Nearly seven in 10 Georgia voters responding to an Atlanta Journal-Constitution poll say they are opposed to legislation to allow people to carry concealed weapons without a license, and more than two-thirds oppose overturning the decades-old U.S. Supreme Court decision that guaranteed the right to an abortion.
The results suggest that Georgians do not want a return of the “culture wars,” the pursuit of hot-button topics that play to each party’s political base that are common during statewide election years.
The AJC poll involved 872 registered Georgia voters and was conducted Jan. 13-24 by the University of Georgia’s School of Public and International Affairs. The margin of error is 3.3 percentage points.
Nearly 70% of poll respondents said they do not believe adults in Georgia should be allowed to carry concealed handguns in public without first getting a license. Almost 28% of respondents said they support the idea.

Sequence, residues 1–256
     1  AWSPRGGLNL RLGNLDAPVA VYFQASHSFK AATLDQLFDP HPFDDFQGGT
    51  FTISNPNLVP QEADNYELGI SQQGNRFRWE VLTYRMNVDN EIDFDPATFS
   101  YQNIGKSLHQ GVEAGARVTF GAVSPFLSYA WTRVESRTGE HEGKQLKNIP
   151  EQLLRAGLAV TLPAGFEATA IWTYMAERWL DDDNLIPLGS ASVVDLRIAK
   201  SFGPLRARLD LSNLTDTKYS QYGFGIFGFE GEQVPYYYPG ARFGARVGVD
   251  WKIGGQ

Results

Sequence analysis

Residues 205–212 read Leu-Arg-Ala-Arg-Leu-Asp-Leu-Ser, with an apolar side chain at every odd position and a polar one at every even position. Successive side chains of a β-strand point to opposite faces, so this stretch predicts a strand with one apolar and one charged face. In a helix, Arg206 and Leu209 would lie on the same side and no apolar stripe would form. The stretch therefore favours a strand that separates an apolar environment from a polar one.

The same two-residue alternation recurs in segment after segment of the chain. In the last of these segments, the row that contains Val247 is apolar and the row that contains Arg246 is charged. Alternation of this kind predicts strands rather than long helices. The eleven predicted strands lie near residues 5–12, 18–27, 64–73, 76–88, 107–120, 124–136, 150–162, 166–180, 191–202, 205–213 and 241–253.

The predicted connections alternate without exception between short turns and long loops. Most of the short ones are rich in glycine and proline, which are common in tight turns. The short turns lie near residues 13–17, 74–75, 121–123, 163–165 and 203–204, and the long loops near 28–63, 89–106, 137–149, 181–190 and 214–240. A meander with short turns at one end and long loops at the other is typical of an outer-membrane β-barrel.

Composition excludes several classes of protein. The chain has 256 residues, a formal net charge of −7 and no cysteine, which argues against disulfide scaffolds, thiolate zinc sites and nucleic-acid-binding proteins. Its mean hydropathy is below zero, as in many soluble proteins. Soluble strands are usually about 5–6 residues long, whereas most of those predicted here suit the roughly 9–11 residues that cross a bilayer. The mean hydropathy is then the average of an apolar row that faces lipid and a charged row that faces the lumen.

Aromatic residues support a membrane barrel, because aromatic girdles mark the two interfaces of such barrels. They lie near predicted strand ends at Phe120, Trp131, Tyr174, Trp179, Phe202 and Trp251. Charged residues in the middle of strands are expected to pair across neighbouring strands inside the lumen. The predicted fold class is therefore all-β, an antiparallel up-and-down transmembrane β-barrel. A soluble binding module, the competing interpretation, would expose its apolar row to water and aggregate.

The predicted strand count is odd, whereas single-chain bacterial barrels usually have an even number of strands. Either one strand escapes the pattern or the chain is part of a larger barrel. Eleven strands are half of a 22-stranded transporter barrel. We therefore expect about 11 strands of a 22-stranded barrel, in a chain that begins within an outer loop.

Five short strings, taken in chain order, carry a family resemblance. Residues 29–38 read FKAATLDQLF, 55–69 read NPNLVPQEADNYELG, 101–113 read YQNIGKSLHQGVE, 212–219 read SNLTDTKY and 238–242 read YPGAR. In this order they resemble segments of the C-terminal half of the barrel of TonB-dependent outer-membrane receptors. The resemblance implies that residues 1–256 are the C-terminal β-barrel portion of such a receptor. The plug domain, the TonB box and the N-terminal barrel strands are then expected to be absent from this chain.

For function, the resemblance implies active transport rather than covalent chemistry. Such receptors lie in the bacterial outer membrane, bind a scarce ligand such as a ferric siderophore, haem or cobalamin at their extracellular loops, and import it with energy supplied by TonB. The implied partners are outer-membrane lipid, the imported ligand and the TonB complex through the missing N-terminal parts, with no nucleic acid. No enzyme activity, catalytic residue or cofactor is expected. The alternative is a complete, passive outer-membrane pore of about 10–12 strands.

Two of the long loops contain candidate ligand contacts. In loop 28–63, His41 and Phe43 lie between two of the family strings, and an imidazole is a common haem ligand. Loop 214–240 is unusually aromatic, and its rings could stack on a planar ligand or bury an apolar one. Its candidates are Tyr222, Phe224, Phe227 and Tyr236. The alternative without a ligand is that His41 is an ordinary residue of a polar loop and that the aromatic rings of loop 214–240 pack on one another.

When contacted by the AJC, many voters said there should be some legal step taken before people are allowed to carry a concealed handgun in public.
Chelsea Leitch, a 31-year-old Decatur resident who works for a medical software company, said getting rid of the concealed carry licensing process is “setting ourselves up for failure.”
“How can we make getting guns so easy when we have so many shootings in schools?” Leitch said. “If there’s more barriers, it’s better. I don’t think getting rid of the barriers will make us safer.”
State Sen. Jason Anavitarte, a Dallas Republican, has filed legislation that would rid Georgia of the concealed carry licensing process. Gov. Brian Kemp — who faces a stiff GOP primary fight for reelection — said he supports passing permit-less carry legislation this year.
Evon Kelly, an 80-year-old retired small-business owner from Gainesville, said he opposes the idea of carrying guns without licenses because he thinks the Second Amendment is rooted in racism.
“Those who advocate being able to carry guns see themselves being enabled to protect themselves against others — largely people of color and largely Black people,” said Kelly, who is Black. “It astounds me, frankly.”